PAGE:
Editorials

Alcohol policy in the Nordic countries

BMJ 1997; 314 doi: http://dx.doi.org/10.1136/bmj.314.7088.1142 (Published 19 April 1997) Cite this as: BMJ 1997;314:1142

Why competition law must have a public health dimension

  1. Laurent Chenet, Research fellowa,
  2. Martin McKee, Professor of European public healtha,
  3. Merete Osler, Lecturerb,
  4. Allan Krasnik, Professor of social medicineb
  1. a European Centre on Health of Societies in Transition, London School of Hygiene and Tropical Medicine, London WC1E 7HT
  2. b Institute of Public Health, 2200 Copenhagen N, Denmark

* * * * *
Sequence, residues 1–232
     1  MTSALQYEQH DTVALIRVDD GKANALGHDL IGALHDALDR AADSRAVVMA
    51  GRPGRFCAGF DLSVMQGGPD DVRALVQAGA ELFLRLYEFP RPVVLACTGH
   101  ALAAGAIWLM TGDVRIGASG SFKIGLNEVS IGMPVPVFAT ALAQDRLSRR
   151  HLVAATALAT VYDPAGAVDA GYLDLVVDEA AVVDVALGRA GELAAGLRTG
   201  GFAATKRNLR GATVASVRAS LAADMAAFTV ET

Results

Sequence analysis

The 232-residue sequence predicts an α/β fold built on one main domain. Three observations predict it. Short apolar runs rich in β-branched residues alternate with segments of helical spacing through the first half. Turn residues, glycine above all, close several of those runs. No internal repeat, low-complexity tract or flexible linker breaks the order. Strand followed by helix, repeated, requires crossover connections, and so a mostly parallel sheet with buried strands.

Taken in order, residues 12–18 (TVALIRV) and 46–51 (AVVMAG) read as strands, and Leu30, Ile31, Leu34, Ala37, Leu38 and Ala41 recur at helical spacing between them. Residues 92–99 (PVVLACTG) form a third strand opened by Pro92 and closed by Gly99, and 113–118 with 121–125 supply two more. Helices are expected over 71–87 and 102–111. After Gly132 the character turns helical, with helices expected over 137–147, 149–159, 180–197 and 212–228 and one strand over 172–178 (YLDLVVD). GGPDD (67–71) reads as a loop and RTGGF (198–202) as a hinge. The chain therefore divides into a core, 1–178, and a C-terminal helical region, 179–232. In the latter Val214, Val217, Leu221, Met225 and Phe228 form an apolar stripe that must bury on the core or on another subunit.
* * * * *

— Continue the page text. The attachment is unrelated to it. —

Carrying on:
Last month the European Court dealt a potentially fatal blow to alcohol policy in much of Scandinavia.1 A preliminary ruling held that Sweden's retail alcohol monopoly, which has the effect of controlling access to spirits, was illegal under European competition law. If upheld, this policy seems likely also to apply to Finland and, possibly, Norway and Iceland due to their obligations as members of the European Economic Area. All of these countries operate this system, which has been effective–death rates from cirrhosis in Sweden are less than half those in Denmark, where there is no such policy.2

    Indeed, in February the Danish daily newspaper Politiken reported new evidence that deaths from alcohol related diseases in Denmark have risen by 120% since 1970,3 contributing to the failure of Denmark to match improvements in life expectancy seen in neighbouring countries.4 The death rate from liver cirrhosis in …

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